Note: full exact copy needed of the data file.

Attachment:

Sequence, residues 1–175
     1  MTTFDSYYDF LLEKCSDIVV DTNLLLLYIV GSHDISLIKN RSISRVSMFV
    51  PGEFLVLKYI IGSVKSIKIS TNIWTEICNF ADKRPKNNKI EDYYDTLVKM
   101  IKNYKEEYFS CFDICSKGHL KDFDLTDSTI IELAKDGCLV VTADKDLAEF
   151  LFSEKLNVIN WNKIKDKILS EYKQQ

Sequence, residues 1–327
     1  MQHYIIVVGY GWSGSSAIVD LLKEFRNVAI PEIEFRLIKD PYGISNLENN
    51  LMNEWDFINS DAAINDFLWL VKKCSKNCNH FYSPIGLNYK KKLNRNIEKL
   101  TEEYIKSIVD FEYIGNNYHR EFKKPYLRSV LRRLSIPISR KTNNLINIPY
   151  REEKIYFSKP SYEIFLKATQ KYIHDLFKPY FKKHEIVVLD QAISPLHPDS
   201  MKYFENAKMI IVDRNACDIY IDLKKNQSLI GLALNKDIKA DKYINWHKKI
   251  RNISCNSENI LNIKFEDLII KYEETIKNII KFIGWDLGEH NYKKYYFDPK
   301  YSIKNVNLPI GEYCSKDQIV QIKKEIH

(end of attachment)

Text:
Sequence, residues 1–175
     1  MTTFDSYYDF LLEKCSDIVV DTNLLLLYIV GSHDISLIKN RSISRVSMFV
    51  PGEFLVLKYI IGSVKSIKIS TNIWTEICNF ADKRPKNNKI EDYYDTLVKM
   101  IKNYKEEYFS CFDICSKGHL KDFDLTDSTI IELAKDGCLV VTADKDLAEF
   151  LFSEKLNVIN WNKIKDKILS EYKQQ

Sequence, residues 1–327
     1  MQHYIIVVGY GWSGSSAIVD LLKEFRNVAI PEIEFRLIKD PYGISNLENN
    51  LMNEWDFINS DAAINDFLWL VKKCSKNCNH FYSPIGLNYK KKLNRNIEKL
   101  TEEYIKSIVD FEYIGNNYHR EFKKPYLRSV LRRLSIPISR KTNNLINIPY
   151  REEKIYFSKP SYEIFLKATQ KYIHDLFKPY FKKHEIVVLD QAISPLHPDS
   201  MKYFENAKMI IVDRNACDIY IDLKKNQSLI GLALNKDIKA DKYINWHKKI
   251  RNISCNSENI LNIKFEDLII KYEETIKNII KFIGWDLGEH NYKKYYFDPK
   301  YSIKNVNLPI GEYCSKDQIV QIKKEIH